Unmixing the patterns within big data: discriminating forest in French Guiana using modis time-series

Abstract : Despite having access to over 40 years of remotely sensed satellite data, from multiple sources (e.g. Landsat, SPOT), and multiple types of sensors (e.g. optical, radar, thermal), tropical forests are still poorly understood in terms of their composition and functioning. This is particularly true for French Guiana, the sparsely populated and highly forested French overseas Department which comprises the French segment of the biologically diverse Guiana Shield ecoregion. While French Guiana’s forests have been mapped under successive global land cover assessment initiatives such as the Global Land Cover Characterization (GLCC), Global Land Cover 2000 (GLC2000), and GlobCover 2009, among others, French Guiana’s forests are repeatedly depicted as one large ‘green carpet,’ despite evidence from the ground that French Guiana possesses a range of diverse forest ecosystems. In 2011, the need to go beyond the ‘green carpet’ effect led researchers to publish a new map of French Guiana’s “forest landscape types” which was based on data from the Vegetation instrument onboard the SPOT-4 satellite, and differentiating the ‘green carpet’ into five main groups of forest. Nevertheless, in 2015, beyond having access to a larger archive of satellite data from an ever growing array of sources, the range of techniques available for processing “big data” has also grown. For instance, the 2011 effort to map French Guiana’s forests utilized a variant on the classical technique for classifying forest types. In the classical approach, reflectance data from a single date is classified – usually using a supervised or unsupervised classification technique – in order to translate reflectance data into forest classes. In the 2011 effort, an entire year’s worth of SPOT Vegetation data was used to generate a single image mosaic which was then classified using an unsupervised clustering technique. The single-date processing approach has been used by remote sensing researchers the world over. Nevertheless, since the advent in the late 1990s / early 2000s of sensors such as SPOT Vegetation and MODIS, the ‘big data’ revolution in remote sensing has also had the consequence of areas of the world being imaged on an almost daily basis over the past ~16 years, compared to the 18 day revisit time of the first Landsat satellite, and the 26 day revisit time of the first SPOT satellite. In the context almost daily remotely sensed observations for the past decade and a half, this paper re-examines the issue of mapping of forest types in French Guiana, using different techniques and inputs from those previously used. The overall objective of this study was to determine the extent to which forest types in French Guiana could be discriminated via unmixing of multitemporal, multispectral reflectance data.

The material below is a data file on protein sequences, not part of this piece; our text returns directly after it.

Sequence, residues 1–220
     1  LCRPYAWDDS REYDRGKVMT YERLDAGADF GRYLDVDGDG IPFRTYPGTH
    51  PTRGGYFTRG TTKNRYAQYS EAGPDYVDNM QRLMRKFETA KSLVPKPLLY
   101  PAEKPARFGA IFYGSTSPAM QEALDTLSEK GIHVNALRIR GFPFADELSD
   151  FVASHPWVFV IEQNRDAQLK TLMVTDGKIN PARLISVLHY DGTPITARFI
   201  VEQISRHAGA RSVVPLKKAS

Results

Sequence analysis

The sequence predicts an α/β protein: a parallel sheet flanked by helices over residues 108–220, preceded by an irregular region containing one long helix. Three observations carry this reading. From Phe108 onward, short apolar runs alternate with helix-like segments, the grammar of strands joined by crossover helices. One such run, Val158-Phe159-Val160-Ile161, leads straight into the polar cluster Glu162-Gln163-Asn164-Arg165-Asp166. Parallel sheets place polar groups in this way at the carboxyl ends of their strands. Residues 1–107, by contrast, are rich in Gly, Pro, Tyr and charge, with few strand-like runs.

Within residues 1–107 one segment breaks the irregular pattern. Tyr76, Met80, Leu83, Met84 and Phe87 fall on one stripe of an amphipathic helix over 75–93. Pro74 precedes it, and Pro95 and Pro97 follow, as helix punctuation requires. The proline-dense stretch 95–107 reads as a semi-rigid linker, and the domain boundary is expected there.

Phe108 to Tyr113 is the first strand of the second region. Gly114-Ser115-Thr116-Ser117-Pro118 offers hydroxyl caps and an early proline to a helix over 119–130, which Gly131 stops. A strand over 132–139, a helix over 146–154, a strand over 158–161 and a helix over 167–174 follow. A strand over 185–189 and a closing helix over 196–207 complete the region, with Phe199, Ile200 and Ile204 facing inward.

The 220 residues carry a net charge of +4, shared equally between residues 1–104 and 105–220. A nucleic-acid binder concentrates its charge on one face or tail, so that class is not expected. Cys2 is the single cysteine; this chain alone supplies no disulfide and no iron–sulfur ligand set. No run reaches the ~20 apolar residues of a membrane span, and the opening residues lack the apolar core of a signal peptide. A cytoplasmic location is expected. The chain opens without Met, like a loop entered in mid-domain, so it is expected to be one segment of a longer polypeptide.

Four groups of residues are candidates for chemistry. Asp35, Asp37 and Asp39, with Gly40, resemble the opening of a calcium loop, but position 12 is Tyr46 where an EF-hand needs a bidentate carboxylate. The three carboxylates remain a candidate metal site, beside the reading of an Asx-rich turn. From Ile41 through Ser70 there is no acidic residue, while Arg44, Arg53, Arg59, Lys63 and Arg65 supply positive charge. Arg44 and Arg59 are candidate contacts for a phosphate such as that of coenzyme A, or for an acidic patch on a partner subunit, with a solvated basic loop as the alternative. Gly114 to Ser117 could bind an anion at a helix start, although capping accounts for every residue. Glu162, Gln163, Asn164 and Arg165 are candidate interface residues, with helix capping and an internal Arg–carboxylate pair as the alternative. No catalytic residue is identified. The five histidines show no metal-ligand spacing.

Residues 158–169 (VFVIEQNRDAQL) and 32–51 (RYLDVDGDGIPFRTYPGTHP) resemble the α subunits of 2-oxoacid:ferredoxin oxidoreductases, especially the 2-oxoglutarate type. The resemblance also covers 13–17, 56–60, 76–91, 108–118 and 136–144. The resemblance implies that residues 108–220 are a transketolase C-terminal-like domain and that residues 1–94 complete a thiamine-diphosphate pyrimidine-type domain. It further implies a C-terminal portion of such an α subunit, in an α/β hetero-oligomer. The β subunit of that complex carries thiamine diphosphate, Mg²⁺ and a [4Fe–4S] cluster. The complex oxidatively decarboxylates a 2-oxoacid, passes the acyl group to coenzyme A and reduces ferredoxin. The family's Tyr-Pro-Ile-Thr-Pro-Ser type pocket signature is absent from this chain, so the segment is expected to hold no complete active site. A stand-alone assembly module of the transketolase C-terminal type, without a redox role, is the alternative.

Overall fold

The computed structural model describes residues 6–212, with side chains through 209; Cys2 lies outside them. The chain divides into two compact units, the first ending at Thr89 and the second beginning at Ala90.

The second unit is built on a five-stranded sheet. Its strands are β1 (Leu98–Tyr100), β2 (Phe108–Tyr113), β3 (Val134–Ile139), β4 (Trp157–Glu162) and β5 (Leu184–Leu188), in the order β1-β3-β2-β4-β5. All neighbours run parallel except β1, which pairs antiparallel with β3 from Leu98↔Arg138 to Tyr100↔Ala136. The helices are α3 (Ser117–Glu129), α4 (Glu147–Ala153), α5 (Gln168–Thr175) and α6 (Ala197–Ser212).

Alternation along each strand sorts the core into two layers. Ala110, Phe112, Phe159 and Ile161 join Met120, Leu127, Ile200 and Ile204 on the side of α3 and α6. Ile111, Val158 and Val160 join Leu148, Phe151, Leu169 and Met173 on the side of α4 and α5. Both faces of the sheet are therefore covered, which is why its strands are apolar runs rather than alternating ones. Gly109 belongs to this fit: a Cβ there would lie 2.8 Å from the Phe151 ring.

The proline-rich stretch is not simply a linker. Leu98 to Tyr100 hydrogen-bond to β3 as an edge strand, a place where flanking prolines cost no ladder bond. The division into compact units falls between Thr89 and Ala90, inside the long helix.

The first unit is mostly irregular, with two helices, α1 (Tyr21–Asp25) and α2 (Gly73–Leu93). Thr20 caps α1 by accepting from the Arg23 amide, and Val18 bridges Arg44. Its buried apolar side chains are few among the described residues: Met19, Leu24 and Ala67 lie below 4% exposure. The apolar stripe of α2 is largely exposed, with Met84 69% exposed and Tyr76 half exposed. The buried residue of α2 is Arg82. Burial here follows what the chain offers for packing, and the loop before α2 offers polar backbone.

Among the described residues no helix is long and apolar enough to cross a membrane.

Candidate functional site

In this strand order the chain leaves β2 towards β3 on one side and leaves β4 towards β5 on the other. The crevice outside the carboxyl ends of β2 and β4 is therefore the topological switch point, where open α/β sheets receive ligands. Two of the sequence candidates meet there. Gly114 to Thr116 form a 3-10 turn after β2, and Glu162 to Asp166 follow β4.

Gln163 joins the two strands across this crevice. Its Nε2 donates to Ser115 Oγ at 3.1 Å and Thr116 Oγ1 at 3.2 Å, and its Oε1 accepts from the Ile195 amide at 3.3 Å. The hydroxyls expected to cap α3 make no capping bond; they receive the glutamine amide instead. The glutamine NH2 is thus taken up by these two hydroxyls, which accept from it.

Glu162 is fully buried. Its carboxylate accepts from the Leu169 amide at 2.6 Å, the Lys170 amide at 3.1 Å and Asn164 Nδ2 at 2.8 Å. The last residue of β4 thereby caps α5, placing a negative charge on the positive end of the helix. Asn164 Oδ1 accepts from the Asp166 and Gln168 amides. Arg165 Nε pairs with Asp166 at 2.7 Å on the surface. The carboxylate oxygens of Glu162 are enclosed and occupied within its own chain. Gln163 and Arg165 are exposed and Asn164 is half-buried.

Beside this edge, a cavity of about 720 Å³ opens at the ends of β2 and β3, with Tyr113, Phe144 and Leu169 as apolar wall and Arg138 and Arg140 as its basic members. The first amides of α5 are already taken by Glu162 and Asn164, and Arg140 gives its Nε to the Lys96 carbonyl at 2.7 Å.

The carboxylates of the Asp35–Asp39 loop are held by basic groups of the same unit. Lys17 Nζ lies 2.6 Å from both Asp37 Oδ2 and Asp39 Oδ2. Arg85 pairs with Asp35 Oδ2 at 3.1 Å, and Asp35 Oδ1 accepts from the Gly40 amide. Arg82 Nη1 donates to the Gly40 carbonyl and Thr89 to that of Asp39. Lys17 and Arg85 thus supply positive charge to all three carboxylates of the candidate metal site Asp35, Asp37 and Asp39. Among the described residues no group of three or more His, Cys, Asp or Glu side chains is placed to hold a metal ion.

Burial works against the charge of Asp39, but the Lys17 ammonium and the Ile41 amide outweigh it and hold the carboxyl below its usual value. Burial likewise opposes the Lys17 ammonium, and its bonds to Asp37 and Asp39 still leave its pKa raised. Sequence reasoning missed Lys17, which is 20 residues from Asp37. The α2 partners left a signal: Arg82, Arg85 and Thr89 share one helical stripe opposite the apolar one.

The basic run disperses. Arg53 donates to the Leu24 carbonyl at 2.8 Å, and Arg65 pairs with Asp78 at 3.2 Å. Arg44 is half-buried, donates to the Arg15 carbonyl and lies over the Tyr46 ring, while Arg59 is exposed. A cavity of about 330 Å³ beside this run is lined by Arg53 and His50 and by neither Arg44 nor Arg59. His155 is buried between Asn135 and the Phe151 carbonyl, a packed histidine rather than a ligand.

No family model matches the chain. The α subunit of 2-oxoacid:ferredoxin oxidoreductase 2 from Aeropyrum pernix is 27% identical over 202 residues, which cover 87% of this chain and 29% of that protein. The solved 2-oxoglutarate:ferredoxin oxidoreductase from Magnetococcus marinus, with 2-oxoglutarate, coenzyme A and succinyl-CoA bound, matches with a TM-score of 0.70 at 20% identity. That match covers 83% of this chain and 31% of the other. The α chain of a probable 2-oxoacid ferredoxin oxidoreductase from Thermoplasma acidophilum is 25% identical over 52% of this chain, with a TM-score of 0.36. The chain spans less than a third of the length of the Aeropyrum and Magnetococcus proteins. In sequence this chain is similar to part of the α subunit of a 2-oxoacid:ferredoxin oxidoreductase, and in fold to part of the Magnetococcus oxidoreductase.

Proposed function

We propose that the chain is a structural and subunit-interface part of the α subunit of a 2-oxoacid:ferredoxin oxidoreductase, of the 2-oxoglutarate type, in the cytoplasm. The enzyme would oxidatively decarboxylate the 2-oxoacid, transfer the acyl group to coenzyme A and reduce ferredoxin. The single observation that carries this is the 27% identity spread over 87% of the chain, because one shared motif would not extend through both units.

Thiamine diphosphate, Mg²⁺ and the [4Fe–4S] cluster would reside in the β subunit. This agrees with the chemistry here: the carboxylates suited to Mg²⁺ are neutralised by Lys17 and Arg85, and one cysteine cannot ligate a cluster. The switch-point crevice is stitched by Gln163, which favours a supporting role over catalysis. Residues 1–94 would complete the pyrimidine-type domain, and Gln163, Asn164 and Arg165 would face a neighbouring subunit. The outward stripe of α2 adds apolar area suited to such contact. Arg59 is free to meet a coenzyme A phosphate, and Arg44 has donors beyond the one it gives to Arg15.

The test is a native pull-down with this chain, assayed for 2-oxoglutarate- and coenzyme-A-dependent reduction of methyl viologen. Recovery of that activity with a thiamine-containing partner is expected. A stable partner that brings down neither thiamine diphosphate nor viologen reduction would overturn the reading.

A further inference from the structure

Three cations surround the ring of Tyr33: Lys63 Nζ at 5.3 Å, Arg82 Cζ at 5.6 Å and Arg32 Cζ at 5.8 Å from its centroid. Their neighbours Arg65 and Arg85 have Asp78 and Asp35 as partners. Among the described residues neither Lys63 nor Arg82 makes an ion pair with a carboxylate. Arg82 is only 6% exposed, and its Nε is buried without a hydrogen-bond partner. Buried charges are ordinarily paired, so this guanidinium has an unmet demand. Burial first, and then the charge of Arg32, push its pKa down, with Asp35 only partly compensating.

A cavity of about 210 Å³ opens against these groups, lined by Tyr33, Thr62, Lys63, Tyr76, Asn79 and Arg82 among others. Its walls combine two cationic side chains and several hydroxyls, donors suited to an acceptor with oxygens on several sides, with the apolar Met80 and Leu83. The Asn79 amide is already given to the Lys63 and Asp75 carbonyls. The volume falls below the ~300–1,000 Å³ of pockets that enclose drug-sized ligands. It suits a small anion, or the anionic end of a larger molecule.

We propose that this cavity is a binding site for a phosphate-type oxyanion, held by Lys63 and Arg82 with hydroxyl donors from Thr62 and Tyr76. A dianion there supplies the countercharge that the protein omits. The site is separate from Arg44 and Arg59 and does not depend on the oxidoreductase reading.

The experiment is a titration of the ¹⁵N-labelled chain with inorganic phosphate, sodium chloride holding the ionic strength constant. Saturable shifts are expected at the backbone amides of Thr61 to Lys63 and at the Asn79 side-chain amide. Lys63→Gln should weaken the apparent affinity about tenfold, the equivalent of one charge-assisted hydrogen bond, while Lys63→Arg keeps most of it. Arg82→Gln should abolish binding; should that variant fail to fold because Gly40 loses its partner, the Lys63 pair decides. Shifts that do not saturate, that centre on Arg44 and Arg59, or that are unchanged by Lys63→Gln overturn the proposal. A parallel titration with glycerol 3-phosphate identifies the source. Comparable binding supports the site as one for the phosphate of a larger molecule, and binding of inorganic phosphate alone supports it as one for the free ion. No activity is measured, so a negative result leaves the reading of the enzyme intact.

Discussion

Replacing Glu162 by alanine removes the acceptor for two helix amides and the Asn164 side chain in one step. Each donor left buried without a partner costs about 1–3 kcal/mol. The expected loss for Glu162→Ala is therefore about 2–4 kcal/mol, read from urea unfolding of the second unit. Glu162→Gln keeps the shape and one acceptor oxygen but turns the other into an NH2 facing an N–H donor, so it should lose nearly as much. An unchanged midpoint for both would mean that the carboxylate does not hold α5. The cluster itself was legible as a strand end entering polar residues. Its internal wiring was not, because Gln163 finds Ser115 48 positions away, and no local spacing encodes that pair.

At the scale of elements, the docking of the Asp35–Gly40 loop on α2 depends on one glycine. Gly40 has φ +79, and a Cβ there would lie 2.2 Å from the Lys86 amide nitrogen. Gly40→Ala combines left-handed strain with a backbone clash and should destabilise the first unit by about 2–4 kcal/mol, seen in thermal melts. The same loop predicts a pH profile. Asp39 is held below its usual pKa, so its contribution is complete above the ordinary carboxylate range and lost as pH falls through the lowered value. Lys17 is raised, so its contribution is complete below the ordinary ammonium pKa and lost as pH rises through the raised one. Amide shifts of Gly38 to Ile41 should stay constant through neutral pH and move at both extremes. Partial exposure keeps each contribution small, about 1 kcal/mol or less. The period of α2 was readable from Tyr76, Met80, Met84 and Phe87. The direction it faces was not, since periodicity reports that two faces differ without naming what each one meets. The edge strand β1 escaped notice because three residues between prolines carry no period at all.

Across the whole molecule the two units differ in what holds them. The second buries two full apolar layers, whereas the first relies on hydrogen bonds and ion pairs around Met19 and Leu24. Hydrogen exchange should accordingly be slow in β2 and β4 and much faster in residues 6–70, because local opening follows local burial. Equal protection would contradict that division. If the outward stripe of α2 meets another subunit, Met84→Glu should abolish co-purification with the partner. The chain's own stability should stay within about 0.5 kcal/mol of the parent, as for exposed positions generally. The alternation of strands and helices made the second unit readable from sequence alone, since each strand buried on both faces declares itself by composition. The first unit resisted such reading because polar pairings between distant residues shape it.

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Emil Alexander Cherrington, Grégoire Vincent, Nicolas Barbier, Daniel Sabatier, Raphaël Pélissier. Unmixing the patterns within big data: discriminating forest in French Guiana using modis time-series. Multitemp 2015, 8th International Workshop on the Analysis of Multitemporal Remote Sensing Images, Jul 2015, Annecy, France. 13, pp.357 - 367, 2011. ⟨hal-02318236⟩

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